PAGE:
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The Cristar Collapsible 5cm F2

June 15, 2017

I recently had the chance to purchase a Fuji Photo collapsible Cristar 5cm F2 on eBay at a favorable price. I knew nothing about this lens when I saw it for sale, but I did know that vintage M39 lenses from Fuji were all fairly uncommon so I took a risk and bought it right away. As it turns out, the Cristar 5cm F2 is not only uncommon, but actually rare. In fact very little information about it is actually available on the Web, so I will try to relate my experiences (so far) with this interesting lens.

When the lens arrived the glass and cosmetic condition look quite good, but the iris action was frozen so I took it to my camera technician for a CLA and now everything is smooth and normal. Here are some photos of my Cristar (SN# 411331).

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cristar-3

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Here are some specs on the Cristar:

Weight: About 7.2 ounces ( 204 grams)
Filter Thread: No thread – Appears to use 42mm slip-on filters, but not verified
Extension from camera body at infinity focus: 1.67″ (42 mm)
Elements: Unkown
Minimum Aperture: F12.5, non-detented stops

One interesting aspect of the Cristar are the engraved iris selections of: 2, 2.2, 3.2, 4.5, 6.3, 9, and 12.5. These are of atypical by today’s standards, which associates this lens chronologically with an era when there were no standard iris setting (perhaps the early 1950’s). Such a fast maximum aperture setting is also consistent with films in use in the early 50’s, which overall were considerably slower than films today. In that era an F2 lens like the Cristar would have been a rather fast lens.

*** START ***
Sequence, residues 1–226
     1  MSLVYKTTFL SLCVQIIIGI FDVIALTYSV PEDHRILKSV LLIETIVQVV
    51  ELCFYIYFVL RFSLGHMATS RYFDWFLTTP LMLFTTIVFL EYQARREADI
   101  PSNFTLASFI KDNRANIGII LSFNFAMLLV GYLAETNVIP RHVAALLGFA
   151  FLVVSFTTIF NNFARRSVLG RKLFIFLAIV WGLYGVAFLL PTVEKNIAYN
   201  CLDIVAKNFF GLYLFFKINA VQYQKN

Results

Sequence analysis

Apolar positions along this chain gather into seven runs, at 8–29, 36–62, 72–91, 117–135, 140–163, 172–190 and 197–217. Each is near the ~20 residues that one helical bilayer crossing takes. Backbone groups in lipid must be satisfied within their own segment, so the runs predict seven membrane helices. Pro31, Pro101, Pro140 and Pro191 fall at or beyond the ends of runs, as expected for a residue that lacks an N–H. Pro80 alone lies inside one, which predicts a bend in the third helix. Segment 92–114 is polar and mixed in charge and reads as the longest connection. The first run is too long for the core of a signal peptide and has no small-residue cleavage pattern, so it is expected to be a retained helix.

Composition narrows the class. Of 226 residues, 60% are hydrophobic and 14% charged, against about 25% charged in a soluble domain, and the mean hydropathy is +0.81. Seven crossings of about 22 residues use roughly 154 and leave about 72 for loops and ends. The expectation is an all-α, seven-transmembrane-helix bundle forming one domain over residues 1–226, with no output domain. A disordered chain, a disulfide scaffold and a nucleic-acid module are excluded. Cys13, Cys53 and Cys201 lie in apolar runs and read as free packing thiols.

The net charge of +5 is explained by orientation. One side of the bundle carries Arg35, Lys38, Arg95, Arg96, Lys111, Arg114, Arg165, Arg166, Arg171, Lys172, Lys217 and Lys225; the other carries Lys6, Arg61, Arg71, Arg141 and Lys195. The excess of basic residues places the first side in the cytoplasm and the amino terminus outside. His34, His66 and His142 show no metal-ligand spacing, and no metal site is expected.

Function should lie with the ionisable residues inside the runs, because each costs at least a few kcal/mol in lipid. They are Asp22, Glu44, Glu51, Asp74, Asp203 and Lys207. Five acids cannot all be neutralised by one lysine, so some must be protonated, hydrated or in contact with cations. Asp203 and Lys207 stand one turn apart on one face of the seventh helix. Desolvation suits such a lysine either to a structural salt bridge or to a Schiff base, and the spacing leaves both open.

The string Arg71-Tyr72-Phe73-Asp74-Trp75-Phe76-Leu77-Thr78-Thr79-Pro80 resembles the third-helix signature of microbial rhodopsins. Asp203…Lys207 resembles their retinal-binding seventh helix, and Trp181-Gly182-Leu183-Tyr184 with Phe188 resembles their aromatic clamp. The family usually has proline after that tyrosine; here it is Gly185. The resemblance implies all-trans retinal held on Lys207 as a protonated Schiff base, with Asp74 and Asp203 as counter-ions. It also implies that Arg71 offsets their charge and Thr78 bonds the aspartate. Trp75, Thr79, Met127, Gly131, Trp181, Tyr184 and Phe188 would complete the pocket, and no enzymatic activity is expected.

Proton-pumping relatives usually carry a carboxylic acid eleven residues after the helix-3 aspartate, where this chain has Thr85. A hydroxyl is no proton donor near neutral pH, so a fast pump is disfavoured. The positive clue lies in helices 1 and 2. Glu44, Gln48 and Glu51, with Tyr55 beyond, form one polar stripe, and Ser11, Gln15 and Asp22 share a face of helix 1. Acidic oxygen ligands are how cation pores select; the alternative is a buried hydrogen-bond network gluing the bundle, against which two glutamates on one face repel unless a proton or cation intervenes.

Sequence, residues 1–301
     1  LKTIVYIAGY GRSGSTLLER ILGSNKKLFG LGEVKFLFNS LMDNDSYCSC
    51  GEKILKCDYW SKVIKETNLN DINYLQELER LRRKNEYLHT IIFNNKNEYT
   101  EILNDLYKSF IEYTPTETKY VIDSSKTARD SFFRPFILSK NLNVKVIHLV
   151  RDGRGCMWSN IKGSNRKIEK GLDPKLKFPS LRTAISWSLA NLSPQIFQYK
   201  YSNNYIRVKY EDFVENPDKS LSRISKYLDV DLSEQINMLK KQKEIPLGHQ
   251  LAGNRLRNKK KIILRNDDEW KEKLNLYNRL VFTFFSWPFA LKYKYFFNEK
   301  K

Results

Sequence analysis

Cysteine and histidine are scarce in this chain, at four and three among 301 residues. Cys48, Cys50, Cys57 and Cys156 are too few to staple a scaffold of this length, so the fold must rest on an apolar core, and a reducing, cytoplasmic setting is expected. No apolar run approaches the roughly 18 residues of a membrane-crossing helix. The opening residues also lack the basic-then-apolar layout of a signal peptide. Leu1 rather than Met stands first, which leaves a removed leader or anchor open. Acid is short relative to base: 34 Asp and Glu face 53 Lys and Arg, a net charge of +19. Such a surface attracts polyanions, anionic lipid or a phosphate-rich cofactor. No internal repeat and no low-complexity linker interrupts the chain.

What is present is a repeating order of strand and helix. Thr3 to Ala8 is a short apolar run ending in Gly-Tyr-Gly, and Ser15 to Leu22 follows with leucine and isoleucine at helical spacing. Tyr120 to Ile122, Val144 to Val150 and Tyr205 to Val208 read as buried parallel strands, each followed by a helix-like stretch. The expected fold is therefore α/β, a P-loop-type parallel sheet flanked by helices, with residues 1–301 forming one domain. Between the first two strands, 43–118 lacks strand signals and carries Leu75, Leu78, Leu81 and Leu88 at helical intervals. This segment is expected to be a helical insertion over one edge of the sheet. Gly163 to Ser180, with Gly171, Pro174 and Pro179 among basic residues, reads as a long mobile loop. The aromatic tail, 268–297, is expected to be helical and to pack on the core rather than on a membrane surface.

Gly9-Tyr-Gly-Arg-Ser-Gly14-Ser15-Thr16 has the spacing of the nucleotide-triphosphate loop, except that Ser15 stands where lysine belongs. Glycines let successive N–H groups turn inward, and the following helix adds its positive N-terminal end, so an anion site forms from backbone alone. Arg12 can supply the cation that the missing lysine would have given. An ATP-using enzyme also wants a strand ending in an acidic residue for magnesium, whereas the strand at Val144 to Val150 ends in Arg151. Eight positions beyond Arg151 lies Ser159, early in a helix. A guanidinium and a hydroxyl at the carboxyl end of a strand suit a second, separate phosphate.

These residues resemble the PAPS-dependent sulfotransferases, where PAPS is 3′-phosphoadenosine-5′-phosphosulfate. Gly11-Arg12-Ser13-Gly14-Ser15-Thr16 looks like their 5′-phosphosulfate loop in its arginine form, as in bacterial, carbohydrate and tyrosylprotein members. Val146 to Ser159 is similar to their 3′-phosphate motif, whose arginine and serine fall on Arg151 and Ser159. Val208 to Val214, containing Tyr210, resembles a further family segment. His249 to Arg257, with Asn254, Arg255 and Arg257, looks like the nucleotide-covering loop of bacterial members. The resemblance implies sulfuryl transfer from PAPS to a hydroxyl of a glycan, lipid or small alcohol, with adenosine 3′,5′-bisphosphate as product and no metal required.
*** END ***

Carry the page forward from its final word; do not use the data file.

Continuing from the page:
The lens has no front filter thread. I measured slightly less than a 42mm diameter on the outer knurled front ring of the lens, suggesting the use of 42mm slip-on filters. I believe 42mm filters were used at one point by Zeiss for Contax rangefinder lenses, although I think there were some slip-on fittings for at least some versions of the Summitar.

My impressions of the Cristar physically is that it is quite similar to the Leica Summitar which I once owned. In fact one may reasonably assume it is a copy of the Summitar to some degree. We can see there are a number of unanswered questions regarding this lens. Among them are when and how many were made? Were they sold as a stand-along product, or were they made for some particular M39 body? Were there any accessories sold for it such as filters or hoods? Anyone who might have such information is particularly welcome to comment!

Of course another question would be, how does this lens perform? Is it comparable to the Summitar or is it difference. The Summitar was a very sharp lens with a modern character, which in my opinion approaches the performance of its immediate descendant the renowned Leica 50/2 Summicron. To help understand the optical quality of the Cristar, I tested it with my Tower 48 M39 body (also reviewed in this blog).

Here are a few shots taken with Arista 100 and processed with Kodak HC110 (dilution B) and scanned on my Canoscan 8800F. No sharpening of the scanned images was done although I made some slight adjustments to the contrast and brightness in post processing. The exposure times were not recorded, but generally the lens was fairly closed down for the daylight shots, and nearly open (or fully open) for the interior shots (natural light).

I’ll leave it to the reader to make his evaluation of the above snapshots as far as lens performance is concerned, but my impressions are that optically the lens is better than I actually expected. In fact the performance, while perhaps not quite on a par with the Summitar is quite good (see Ken Rockwell’s excellent Web site for a nice review of the Summitar). I plan to do more testing soon and post the results here — perhaps with color film.

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